Fabiola Ching is the founder and editor of The Coalition Zine, a DC-based online and print zine dedicated to girls of color. Just over a year old, the Coalition Zine is already six issues in, with an incredible archive of writing and editorial imagery, portraiture, and visuals contributed entirely by women or non-binary people of color. The project shows no signs of slowing down: an offline, events component rolled out just a few weeks ago with Queers in the Park on a Saturday, a picnic/safe space/get together for queer people of color in the District (and in the District area). More on that – with accompanying photos by photographer and A Creative DC contributor Dejah Greene – below; huge thanks to Fabiola for sharing her perspective and her project!
"I started the Coalition when I was 16 and had just graduated from high school. At that time I was just feeling this rage at the fact that I didn’t have any space for myself or my work, online or offline. There were lots of zines and magazines on the rise at this time, this was when zine culture and DIY culture on the internet was really booming and young people were starting to find places for themselves and yet it seemed like every publication and zine and magazine and site had nothing for me or no space to offer me. I just never felt welcome anywhere because of how these spaces focused so much on the white upper-middle class experience. So I started a little tumblr blog where the main focus was to highlight art, businesses, films, etc that were by black women or where black women where the main focus. It really became a big deal! At that time it was called TheBlackGirlCoalition.
As time evolved, I started to think about what I could do with this space and the little following that I had garnered. I started thinking about relationships between women of colour, not just black women, and the way we communicate with each other. I really started thinking about solidarity and coalition and how these are hard concepts to come to terms with because as a black woman, everyone comes for you including women of colour that aren’t black. So I’ve always known that solidarity and coalition were tough things to talk about but imagine if there was a space dedicated to telling all our stories as marginalized people and also make it a space where we didn’t talk over each other or for each other and instead found a way to coexist. This was the reason why it changed to “The Coalition.”
Another thing that I decided to focus on was feminism and girlhood, our various girlhoods, and how class and race and socio-economic status played a part in these things and how we define feminism. After coming to terms with what I could do with the space, I just took it to the head and got a site and platform and everything and decided to just go with it. It’s amazing how many people have responded positively to this, it’s really overwhelming how we have been able to like…get to a lot of people.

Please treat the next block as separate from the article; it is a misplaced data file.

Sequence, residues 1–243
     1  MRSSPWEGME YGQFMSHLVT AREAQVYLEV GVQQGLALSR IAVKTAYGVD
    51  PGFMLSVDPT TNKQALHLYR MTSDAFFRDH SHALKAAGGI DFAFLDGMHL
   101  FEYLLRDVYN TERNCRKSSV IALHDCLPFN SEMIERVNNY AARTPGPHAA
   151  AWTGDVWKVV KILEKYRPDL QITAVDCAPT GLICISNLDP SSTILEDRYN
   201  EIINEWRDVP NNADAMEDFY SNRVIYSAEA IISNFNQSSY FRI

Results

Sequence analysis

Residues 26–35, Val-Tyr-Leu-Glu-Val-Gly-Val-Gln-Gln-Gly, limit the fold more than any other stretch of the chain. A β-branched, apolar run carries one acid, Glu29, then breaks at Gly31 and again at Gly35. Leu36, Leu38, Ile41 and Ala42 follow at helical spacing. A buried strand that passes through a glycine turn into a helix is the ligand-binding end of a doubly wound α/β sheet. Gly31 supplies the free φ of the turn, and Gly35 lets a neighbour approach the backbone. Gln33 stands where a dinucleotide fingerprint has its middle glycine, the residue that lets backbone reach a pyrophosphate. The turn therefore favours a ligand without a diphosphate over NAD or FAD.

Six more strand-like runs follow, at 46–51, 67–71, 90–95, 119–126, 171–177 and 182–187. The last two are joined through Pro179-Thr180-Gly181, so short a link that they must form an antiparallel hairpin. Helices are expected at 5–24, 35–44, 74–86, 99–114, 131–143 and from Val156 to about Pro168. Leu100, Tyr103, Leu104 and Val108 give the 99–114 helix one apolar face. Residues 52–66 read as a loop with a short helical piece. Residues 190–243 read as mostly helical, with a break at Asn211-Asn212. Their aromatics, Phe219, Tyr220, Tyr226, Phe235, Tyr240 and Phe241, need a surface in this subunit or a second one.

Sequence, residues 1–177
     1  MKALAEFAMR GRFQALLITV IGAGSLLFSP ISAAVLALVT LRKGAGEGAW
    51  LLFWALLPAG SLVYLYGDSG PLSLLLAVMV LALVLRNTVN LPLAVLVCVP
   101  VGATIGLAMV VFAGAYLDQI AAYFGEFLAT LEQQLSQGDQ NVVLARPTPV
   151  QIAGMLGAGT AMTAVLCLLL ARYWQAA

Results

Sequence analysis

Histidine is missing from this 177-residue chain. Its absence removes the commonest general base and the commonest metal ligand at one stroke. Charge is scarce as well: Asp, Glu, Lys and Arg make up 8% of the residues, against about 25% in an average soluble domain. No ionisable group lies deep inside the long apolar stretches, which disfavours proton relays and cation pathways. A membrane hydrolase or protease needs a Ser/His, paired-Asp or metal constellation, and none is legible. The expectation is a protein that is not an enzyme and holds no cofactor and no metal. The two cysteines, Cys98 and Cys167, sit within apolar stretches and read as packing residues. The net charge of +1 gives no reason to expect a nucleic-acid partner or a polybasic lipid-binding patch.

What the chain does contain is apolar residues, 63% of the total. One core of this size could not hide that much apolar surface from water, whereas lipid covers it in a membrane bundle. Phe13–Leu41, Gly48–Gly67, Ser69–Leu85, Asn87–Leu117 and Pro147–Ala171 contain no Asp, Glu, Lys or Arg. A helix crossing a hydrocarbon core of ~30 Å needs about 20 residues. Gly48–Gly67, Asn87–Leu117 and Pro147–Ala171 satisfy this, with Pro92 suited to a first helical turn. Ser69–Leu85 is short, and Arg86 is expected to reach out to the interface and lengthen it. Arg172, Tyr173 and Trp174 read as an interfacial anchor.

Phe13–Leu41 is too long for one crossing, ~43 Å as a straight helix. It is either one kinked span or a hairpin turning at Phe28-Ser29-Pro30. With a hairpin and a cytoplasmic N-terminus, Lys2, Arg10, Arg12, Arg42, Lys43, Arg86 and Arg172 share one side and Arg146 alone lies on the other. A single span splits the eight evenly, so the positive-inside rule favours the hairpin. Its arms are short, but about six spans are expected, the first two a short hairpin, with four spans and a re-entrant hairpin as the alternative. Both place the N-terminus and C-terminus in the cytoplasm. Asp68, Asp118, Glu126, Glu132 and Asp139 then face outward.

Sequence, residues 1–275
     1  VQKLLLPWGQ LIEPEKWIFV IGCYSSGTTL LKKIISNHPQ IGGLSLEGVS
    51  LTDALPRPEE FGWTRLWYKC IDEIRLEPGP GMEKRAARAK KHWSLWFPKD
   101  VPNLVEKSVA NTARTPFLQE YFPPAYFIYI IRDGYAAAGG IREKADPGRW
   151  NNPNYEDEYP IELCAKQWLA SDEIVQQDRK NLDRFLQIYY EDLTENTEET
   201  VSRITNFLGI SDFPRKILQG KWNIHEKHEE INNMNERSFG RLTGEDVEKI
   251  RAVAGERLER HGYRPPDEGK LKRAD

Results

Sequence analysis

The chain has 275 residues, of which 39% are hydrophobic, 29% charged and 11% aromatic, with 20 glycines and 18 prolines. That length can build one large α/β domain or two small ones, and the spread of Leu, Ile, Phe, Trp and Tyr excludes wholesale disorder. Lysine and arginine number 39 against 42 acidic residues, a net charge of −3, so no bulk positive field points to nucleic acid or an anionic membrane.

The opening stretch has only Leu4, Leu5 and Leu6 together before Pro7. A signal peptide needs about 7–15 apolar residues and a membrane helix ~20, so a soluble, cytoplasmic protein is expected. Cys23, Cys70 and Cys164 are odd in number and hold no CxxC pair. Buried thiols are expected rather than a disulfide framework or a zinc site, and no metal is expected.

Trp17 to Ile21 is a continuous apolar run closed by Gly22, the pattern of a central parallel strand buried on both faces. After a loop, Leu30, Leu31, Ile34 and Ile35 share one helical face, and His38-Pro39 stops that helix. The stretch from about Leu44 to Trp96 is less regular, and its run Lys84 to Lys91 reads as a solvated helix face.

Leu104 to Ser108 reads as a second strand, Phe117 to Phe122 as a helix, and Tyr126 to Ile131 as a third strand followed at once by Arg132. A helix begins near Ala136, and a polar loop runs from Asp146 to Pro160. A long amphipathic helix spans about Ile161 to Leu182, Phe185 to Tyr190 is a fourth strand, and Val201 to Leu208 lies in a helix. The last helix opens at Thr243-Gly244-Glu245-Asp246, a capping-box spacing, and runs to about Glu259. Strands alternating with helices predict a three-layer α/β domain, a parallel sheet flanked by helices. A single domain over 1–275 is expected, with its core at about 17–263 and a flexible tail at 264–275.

Right now, The Coalition is not really about telling other people to give us space but instead taking the space that we deserve. Being an independent and DIY operation, it’s a very hard thing, especially when you don’t have resources or funding or whatever but it’s also amazing because no one dictates what you do and how you do it. I know that the lack of white faces in our masthead or the lack of white perspectives in our publications definitely turns people off but I don’t care. My main priority is taking up all the space I can possibly get and talk about things like poor queer artists of colour, female musicians who are making music in their tiny bedroom and holding down 3 jobs at the same time, trans women who are trying to make work that they are passionate about and also stay afloat, young black girls in inner cities whose girlhoods are not all glitter and pastel colours…you know, things that a lot of people don’t want to pay attention to. All of the work we do is by women or non-binary people of colour, especially the writing which is a really big part of who we are. We are from all over the world which I think is quite amazing being able to have such bonds with people who come from everywhere.
The Queers in The Park on a Saturday event [photos by Dejah Greene] was an absolute blast. What I wanted to do was just have a tiny picnic/get together with queer people of colour from the DC area and I was really nervous because I have never hosted anything like that, and meeting up with absolute strangers..it was very nerve wracking, but that only lasted till we kicked it off. Everyone in attendance was so amazing and chill. I really wanted to do this because I think talking to people who have similar experiences as you is very important and cathartic, and important in the healing process. Like a lot of us, we deal with a lot of rejection and stigmatization and we don't fit in easily. Having an event like this once in a while where we just talk and eat and lay in the sun (which is all we did) is so powerful. I didn't expect to be so affected by it and so calmed by it. In the future, we are most definitely going to have more events like these with more people, more food, more activities, etc."